Calm Down, Dad

Let me relay a humbling story to you. My family and I were on a little weekend trip to visit some sister churches in another town, in another state. A six hour drive included about four hours of our three year old singing 20 letters of the alphabet along with his own song made up of four words, “Imma see a birdie” again and again and again. This six hour drive also included a crying one year old. So far, no biggie. Just a minor headache.

We get to the hotel and the crying one year old decided to pick up the same refrain throughout the night. Sleep, where art thou!? Our plan was to attend two churches on the Lord’s Day, one at 8:30am and the second at 11:00am. Sure, why not? Without sleep, I am sure the children are up for it.

First, we had a wonderful continental breakfast where our three year old continued to sing his songs and our daughter refused to eat by slapping the spoon away filling the floor around her highchair with various types of food. She has rather good reflexes and aim, I might add.

Headaches, no sleep, and hungry babies…we pile in to the van.

Did I mention that our son is at this whining phase of his life? Everything is a grating whine that scrapes the inside of your head like a melon baller and pierces your ear like a syringe. You know the kind I am talking about.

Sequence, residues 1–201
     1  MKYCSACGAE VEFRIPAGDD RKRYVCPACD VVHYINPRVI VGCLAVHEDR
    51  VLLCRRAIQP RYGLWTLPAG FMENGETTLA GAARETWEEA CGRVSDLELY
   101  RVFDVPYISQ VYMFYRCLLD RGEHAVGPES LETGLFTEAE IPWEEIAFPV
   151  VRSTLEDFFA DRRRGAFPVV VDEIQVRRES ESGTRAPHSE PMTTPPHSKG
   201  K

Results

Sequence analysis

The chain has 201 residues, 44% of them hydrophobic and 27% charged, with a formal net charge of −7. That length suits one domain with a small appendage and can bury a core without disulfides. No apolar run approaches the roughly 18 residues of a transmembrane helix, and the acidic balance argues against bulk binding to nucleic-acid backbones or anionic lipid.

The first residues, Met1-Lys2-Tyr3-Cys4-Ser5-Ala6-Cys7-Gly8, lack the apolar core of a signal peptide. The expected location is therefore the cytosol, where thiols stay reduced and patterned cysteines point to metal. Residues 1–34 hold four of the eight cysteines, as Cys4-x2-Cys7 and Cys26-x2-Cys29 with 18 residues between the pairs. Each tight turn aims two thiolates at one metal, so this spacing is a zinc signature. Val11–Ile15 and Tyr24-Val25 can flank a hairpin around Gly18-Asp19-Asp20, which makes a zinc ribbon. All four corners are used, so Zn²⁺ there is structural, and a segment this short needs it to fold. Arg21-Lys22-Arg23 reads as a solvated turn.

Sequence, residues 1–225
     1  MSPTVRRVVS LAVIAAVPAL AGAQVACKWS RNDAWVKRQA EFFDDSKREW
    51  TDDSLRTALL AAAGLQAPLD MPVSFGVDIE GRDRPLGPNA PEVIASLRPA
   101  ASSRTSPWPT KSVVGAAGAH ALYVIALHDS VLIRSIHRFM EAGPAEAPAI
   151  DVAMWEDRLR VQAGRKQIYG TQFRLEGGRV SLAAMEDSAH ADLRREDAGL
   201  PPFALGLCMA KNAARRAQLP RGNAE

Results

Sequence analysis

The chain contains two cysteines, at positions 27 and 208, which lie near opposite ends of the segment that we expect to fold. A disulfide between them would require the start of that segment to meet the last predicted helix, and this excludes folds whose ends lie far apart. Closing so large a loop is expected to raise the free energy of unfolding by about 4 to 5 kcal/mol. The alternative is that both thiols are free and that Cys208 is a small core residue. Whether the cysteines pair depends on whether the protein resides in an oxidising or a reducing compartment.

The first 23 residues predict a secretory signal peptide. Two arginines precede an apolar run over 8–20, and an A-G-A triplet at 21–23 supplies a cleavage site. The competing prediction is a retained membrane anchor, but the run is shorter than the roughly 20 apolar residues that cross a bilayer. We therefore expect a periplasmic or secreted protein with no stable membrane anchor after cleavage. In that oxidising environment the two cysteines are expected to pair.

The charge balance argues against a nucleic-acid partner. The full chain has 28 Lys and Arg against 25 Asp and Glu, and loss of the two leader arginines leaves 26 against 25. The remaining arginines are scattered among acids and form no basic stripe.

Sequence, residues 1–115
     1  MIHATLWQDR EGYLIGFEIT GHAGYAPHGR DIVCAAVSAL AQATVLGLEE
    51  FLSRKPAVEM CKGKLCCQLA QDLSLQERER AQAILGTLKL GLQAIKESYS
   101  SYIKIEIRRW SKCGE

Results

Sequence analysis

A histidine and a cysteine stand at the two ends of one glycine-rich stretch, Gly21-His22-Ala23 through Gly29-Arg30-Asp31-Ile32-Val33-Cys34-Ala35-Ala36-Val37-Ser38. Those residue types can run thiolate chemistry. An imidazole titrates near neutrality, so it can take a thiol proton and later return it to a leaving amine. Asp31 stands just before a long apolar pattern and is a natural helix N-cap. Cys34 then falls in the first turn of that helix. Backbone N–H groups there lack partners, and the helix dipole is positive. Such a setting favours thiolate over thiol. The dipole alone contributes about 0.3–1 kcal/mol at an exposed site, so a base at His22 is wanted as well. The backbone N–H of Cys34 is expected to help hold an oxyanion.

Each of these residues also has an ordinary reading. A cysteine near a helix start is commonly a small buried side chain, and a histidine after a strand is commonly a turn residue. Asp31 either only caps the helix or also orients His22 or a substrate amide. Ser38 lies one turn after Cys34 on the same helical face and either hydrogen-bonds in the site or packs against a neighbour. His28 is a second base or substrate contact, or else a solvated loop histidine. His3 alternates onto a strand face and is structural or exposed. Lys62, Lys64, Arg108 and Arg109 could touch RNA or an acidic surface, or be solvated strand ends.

Obey! Obey! Obey! Me! Me! Me! I! I! I!

On the way to our first service for the day our son began to whine. I, in turn, took my fatherly authority lifted it above my head and clubbed him with it, verbally. I berated him. I was loud. He quieted down. He didn’t deserve it.

Then, I hear behind me, “Calm down, dad.”

Let me take this moment to humbly confess my sin, I will be right back…and now let me draw attention to a teaching moment, first for me and then maybe for you.

Why did I yell at my son? Because he was not doing what I wanted. Simple. Right? It is true that my son was disobeying the Lord by complaining as he was (Philippians 2:14), but that, unfortunately, was not what drove me to verbal discipline. No, this was pure selfishness. I wanted my son to obey, to do what I wanted. I wanted him to obey me, not the Lord.

I forced his obedience. Sometimes forcing obedience is necessary like when your child is about to step into a busy street. You force his obedience by scooping him up. However, I wanted my son to be quiet because my head hurt and I was tired, and this was sinful on my part. As a father, I should be like the Father, who desires all people to obey Jesus. When my son begins to whine and complain, he needs to understand that he is sinning against Jesus, no matter how I feel about it, or how much sleep I had.

Forcing obedience is much different than training our children to love the Lord.

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